Genevieve Miller's Vampire Knits: Projects to Keep You Knitting from Twilight to Dawn is due for release on October 12, 2010. Mark that in yer calendar, folks!

If you'd rather slay 'em (with wool), then you can knit your own Mr. Pointy.

Review Reviewed

Andrew's awesome review of Mark Collins Jenkins' Vampire Forensics: Uncovering the Origins of an Enduring Legend (2010) makes some very valid points about my own take on the book:
Friend of the blog, Anthony Hogg, has mentioned this book at his blog and, whilst his opinion of it improved, at first he lamented the fact that the book seems to stroll through the same old areas of investigation. However, the difference between myself and Anthony is that my study of the genre has been more media orientated, whilst he has a strong background in examining the folklore/traditional aspects of the genre. As such I found the opening of the book to be a well written refresher on things I had read before and certainly a useful source for those starting their exploration of the myths behind the media.
I freely admit to being more into the folklore/historical angle of vampires. That's one of the reasons I get a big kick out of Niels' blog. Andrew's comment highlights the different approaches/levels of interest found in the field. In terms I vampirology, I've covered different approaches elsewhere.

The beauty of vampire study, is that they're so damn varied. As I've previously pointed out (byway of David Lavery) Buffy Studies, alone, has about fifty "disciplines, methods, and/or approaches". That's right: fifty. I can never get over that figure.

So, even though I'll occasionally lament that there just aren't enough books written on the historical/folkloric angle, I'll never say that they're the only angle that should be taken. We all have our own biases, after all. And the vampire, as a figure of study, exists beyond such a narrow template.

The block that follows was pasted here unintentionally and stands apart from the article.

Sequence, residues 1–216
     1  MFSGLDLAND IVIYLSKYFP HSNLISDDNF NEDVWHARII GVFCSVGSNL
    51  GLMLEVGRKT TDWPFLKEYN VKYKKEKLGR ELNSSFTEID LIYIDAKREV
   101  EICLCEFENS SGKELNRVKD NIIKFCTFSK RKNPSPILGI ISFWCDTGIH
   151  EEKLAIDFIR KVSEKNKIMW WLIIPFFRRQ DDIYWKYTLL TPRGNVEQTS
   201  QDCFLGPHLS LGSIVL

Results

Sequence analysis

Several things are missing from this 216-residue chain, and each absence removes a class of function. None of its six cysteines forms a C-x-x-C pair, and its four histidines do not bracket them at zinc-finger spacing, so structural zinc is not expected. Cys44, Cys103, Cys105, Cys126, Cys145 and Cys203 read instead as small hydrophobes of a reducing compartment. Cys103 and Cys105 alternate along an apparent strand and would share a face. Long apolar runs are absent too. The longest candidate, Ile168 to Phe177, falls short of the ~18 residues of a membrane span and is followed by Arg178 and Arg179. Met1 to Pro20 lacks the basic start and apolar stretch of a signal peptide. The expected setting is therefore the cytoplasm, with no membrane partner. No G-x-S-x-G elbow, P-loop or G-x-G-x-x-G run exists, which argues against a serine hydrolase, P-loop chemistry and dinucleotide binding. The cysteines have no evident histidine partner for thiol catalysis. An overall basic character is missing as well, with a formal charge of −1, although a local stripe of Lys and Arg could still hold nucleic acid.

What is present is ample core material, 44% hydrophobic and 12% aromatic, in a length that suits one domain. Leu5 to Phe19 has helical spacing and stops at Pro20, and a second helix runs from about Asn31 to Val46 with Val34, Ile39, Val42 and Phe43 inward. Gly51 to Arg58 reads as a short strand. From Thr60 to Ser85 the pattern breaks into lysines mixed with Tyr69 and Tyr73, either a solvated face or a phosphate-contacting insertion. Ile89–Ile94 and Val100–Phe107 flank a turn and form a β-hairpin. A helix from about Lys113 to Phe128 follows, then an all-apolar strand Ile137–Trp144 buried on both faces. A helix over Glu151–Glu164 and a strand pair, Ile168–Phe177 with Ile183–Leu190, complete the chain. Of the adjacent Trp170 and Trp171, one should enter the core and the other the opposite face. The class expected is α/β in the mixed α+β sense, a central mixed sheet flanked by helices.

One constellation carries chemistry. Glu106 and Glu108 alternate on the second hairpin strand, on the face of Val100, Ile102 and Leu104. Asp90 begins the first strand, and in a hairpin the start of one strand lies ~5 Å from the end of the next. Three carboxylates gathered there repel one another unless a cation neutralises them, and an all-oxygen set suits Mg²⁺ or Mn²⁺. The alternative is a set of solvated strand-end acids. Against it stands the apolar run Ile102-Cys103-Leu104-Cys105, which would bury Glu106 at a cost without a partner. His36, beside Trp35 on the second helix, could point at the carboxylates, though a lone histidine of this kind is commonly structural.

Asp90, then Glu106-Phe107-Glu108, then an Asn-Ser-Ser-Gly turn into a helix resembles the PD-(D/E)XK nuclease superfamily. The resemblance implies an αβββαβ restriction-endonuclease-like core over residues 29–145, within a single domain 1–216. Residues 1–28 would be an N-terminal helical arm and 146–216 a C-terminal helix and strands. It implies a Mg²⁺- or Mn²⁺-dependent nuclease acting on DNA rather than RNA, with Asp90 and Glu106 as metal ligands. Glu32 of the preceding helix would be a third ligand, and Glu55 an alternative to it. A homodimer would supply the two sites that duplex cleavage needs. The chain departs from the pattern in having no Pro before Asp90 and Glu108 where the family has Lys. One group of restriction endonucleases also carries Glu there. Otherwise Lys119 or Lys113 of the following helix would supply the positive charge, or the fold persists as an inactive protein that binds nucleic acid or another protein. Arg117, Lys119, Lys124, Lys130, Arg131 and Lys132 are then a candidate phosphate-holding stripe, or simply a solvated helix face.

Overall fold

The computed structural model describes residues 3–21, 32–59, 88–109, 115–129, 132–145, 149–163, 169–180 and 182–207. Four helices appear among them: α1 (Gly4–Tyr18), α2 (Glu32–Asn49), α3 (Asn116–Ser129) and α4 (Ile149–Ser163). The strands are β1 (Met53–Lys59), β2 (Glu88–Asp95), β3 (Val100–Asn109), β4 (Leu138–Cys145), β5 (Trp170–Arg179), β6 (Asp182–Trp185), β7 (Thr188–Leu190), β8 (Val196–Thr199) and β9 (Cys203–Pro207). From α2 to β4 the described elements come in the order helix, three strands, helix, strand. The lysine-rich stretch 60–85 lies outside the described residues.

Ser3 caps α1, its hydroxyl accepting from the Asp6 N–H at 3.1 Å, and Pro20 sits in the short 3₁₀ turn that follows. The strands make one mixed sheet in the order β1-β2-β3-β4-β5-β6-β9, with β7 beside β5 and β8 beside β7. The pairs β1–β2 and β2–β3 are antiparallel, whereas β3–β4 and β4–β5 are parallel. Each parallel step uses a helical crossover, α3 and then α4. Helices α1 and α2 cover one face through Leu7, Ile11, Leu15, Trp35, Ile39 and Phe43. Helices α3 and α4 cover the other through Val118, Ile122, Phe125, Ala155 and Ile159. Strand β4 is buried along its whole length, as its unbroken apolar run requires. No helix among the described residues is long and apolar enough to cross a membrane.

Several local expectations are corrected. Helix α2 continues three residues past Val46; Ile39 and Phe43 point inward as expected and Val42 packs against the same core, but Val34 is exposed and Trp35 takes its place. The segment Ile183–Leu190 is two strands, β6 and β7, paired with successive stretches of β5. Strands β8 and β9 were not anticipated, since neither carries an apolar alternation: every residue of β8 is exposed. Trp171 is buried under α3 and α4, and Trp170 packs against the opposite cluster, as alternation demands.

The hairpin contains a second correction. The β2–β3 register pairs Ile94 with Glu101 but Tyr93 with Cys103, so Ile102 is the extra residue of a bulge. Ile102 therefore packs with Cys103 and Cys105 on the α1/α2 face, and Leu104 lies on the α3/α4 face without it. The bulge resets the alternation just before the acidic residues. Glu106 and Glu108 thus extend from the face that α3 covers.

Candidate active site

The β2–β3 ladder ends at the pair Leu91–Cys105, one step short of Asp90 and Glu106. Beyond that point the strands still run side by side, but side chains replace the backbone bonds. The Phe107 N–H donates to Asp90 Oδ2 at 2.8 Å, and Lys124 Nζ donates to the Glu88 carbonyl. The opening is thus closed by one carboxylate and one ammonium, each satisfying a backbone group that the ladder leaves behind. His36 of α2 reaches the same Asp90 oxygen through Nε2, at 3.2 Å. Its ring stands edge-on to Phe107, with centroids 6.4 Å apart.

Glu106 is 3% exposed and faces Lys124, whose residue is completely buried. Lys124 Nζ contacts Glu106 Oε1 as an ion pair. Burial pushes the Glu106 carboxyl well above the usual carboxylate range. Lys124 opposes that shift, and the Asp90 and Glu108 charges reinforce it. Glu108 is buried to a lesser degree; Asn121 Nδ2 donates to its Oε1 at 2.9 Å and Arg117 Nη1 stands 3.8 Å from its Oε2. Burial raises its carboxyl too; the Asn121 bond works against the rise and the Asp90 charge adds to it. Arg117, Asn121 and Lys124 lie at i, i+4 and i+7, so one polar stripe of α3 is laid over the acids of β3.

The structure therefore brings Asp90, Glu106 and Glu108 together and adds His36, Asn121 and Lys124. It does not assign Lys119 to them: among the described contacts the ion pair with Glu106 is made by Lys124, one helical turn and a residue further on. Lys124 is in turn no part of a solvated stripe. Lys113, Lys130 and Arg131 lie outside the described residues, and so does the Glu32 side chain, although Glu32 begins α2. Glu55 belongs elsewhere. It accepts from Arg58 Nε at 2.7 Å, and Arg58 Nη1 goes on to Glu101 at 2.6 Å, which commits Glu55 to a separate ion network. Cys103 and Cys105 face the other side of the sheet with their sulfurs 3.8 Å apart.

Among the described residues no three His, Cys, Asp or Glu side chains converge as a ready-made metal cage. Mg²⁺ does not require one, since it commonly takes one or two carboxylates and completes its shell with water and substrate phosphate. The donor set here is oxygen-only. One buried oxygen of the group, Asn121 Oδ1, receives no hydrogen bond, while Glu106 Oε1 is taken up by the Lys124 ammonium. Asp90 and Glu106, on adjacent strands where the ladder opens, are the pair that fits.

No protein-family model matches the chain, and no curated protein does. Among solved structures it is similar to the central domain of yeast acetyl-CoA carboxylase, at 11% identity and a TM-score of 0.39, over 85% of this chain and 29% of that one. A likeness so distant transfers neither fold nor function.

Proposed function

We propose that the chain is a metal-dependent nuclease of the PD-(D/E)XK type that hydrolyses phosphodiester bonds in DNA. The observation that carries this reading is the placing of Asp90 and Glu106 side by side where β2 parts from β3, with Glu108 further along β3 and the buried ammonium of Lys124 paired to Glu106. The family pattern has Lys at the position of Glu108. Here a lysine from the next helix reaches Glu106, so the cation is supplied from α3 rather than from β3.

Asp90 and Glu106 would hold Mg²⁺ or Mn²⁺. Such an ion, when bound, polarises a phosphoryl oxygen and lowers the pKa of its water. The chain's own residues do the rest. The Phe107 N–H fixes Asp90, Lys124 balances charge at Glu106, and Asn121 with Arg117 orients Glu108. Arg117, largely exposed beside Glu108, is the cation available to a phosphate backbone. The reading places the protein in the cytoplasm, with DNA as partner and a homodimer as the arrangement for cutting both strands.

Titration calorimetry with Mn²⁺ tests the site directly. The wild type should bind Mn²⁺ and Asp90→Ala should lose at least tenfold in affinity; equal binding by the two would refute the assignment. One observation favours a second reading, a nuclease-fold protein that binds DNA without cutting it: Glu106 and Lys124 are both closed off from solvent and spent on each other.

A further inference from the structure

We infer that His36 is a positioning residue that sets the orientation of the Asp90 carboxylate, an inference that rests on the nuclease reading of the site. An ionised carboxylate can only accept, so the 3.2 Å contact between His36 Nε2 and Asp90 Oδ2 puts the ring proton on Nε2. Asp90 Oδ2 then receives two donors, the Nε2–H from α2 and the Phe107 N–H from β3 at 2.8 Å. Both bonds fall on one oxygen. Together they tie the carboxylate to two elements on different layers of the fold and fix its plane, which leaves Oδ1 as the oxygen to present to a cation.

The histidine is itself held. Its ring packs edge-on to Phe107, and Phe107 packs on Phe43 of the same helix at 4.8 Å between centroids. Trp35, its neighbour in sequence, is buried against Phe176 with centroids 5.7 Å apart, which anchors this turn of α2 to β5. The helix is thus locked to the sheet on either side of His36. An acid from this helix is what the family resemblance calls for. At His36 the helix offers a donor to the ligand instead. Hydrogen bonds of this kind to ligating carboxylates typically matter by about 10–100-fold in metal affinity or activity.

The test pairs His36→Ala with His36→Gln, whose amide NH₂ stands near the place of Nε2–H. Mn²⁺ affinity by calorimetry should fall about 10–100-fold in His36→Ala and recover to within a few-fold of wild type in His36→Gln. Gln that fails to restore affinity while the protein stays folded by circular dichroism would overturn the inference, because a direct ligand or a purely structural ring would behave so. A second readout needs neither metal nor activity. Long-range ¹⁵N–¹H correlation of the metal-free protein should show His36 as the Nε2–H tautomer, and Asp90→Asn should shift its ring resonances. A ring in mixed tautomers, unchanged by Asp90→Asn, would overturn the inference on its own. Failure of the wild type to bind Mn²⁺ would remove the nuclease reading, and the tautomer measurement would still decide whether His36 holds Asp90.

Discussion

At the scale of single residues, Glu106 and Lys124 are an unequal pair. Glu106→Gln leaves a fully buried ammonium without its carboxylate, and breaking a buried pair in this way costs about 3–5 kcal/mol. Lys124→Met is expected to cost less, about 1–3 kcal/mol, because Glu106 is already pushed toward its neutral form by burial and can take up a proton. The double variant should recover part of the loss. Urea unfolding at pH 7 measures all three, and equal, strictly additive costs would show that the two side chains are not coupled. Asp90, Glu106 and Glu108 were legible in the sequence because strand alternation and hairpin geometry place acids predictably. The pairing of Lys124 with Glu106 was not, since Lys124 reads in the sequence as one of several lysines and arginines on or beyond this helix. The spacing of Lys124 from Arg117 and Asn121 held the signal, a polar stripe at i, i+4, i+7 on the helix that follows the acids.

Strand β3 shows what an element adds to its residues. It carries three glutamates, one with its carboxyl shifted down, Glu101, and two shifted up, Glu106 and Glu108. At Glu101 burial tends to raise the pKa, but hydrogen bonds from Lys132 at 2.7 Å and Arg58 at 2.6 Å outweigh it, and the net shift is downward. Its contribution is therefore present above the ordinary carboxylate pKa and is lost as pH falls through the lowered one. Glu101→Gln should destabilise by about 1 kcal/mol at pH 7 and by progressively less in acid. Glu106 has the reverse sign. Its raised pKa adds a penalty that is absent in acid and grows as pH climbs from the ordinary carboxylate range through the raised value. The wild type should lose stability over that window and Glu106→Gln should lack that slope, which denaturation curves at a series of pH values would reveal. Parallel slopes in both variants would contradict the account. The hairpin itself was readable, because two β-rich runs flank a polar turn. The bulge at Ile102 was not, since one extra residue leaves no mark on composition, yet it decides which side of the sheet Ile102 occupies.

That said, I still stand by my comments on Jenkins' book. The majority of books on vampires take the expansive backdrop of the Vampire and paint on the same canvas. Yes, we Count Dracula was (partly) based on Vlad. Yeah, Polidori satirised Byron for The Vampyre. The Paole case kick-started interest in vampires in Western Europe? Ok, we got it. And gee whiz, aren't certain spirits, gods and monsters of other cultures awfully similar to vampires? Heard it before.

Give me something new. Something different. Discuss areas not usually covered by the multitude of other writers out there! That's why I find myself increasingly drawn to the obscure stuff.

When I pick up a book like Vampire Forensics, I expect it to do what it says on the tin: give me a detailed analysis of the vampire myth. Concentrate on the specific writings, places, belief systems where this manifested. I don't need a transcendent stroll through the mythologies and burial practices of other cultures. If I wanted that, I could read Summers. And have.

Give me vampires!

Keep in mind, I'm not saying Jenkins wrote a bad book. It's actually quite good in its own right. My frustration stems from being waylaid by its title. Maybe my bias is too strong. Regardless, I don't think there's much justification in giving such minor coverage to the actual vampire itself. And by "actual", yes, I mean the one of folklore and history. I know this flies in the face of the what-is-a-vampire question I left open-ended, but come on, give me a break.

Without the vampire of these dark regions, there would be none of the fictional literature and flicks lapped up by so many. There would be no vampire subculture. No fandom. Nothing. All I ask is that it be given a little more prominence; especially in a book examining "forensics". End rant.

What Is a Vampire?

Sometimes the simplest questions can have the most complex answers.

Don't believe me?

Then have a crack at answering the question posed by Theresa Bane. Let's see what you come up with and we notes!

Thursday, May 13, 2010

Upcoming Books on Vampires

Time for a new segment I like to call "Upcoming Books on Vampires". Snazzy, ain't it?

It'll cover as-yet-unpublished non-fiction vampire books I come across. Kinda like I did here. The format'll be similar to that post, but entries devoted to a single upcoming book (like Bell's) will also get the segment title, from now on.